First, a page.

Top Ten 2009 (in no particular order)
and a wee bit more...

By Joel Okida

1. Works Progress Administration - WPA (Red Distribution)

With four lead singers and instrumental talent to spare, there is no Achilles heel that you can find here. Glen Phillips, Sean Watkins, and Luke Bulla teamed up with Sara Watkins, Benmont Tench, Greg Leisz, Pete Thomas, and Davey Faragher. They got together and played their assets off. No brag, just fact.

2. The Wailin' Jennys - Live at the Mauch Chunk Opera House (Red House)

All I can say is that these ladies can sing and play up a storm. Alone or in harmony, they get it done with finesse or gutsy vocal force. And as an add on, one Jenny, Heather Masse, also released an excellent solo CD, Bird Song (Red House), that adds even more variety than the already eclectic repertoire of the group effort.

3. Ramblin' Jack Elliot - A Stranger Here (Anti)

Perhaps his magnum opus with great song selection and his voice primed and self-assured. Producer Joe Henry got it right.

4. Rick Shea - Shelter Valley Blues (Tres Pescadores)

Long time southern California singer/songwriter/musician who has a resume of arresting songs and a habit of abetting almost every other singer or band of country or honky-tonk notoriety that rolls into town. This is a captivating piece of work and fits in nicely with the excellent recordings that he has generated over the years. Don't know if he is underrated or overlooked, but if he is, it's your fault, not his.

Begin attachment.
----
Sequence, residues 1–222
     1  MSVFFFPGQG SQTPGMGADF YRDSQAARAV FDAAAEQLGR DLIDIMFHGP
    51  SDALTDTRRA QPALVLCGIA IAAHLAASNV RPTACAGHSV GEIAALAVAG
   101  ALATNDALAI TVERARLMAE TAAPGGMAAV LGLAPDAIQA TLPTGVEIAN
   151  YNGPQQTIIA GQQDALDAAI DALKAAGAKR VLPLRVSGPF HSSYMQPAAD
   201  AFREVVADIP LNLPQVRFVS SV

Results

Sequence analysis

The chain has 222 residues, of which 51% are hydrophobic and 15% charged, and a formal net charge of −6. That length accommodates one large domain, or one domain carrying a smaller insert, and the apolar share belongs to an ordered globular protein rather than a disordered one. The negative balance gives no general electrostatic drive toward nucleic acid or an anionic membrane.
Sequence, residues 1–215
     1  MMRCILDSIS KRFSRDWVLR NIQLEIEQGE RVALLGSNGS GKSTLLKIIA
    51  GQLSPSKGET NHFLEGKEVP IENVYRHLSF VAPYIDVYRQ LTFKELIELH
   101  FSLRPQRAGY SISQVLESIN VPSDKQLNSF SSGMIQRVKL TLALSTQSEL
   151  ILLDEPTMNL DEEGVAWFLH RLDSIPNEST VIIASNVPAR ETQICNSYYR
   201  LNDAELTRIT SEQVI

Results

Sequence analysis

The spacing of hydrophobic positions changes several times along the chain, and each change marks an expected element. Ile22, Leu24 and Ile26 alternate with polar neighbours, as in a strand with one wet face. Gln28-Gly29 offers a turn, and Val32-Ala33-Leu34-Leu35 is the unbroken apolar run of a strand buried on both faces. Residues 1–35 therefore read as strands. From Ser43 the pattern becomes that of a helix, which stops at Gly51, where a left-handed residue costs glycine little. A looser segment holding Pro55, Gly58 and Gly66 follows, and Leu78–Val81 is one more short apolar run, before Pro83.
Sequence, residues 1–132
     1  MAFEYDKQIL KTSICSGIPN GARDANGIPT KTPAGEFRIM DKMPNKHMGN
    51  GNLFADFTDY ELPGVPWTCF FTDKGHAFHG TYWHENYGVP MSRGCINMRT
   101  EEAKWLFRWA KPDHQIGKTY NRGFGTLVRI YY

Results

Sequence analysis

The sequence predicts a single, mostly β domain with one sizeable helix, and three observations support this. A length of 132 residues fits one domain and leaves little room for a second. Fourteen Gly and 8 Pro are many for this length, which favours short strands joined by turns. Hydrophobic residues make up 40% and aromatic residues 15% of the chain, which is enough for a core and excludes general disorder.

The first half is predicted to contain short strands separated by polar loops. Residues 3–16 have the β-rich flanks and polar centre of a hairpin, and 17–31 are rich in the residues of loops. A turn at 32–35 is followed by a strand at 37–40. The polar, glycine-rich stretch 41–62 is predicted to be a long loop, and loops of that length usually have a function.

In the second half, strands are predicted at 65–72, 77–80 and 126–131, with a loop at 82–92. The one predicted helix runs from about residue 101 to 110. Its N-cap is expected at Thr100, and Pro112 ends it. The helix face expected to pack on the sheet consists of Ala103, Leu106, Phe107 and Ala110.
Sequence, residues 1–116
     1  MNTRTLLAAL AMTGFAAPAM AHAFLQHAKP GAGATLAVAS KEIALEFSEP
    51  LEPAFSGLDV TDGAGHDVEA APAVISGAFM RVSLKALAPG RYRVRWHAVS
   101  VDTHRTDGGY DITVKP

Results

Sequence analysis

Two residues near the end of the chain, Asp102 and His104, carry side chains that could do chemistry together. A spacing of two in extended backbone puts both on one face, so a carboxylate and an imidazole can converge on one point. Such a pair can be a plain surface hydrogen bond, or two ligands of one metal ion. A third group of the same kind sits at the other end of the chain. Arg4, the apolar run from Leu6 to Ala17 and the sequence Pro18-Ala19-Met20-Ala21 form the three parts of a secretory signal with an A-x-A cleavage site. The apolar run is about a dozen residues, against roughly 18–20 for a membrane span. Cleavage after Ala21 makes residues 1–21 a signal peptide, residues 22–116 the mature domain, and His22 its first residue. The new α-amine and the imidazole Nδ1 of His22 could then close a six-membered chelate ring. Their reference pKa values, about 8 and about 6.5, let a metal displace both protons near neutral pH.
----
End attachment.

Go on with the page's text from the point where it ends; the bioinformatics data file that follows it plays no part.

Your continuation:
5. Todd Snider - The Excitement Plan (Yep Roc)

The barefoot poet returns offering more wit and insight in his inimitable way. Clever often cute, but clean and true.

6. Steve Earle - Townes (New West)

One would find the original singer-songwriter's versions hard to beat. This is also true in this tribute effort by the well known student of Townes Van Zandt. However, there's enough added Earle grit to the mix to make several tunes move in a mostly positive way and honor his mentor. Another related release, at least family-wise, and with the not-so-coincidental name of Justin Townes Earle attached to it, is Midnight at the Movies (Bloodshot Records). It demonstrates the strong bloodline of talent, but in a different light and adds a little sheen to the gifted middle name and the paternal link.

7. The Unwanted - Music from the Atlantic Fringe (Compass Records)

Sligo-based group bridges old time songs of Appalachia with similar tunes of the Irish. It works well due to some smart arrangements and even smarter musicianship in the form of Cathy Jordan and Seamie O'Dowd from the legendary Celtic band, Dervish, and Rick Epping, a multi-instrumentalist from far off California. Leadbelly's , Out on the Western Plain starts it off and it is a listener's joyride from then on.

8. The Unthanks - Here's the Tender Coming (EMI Import)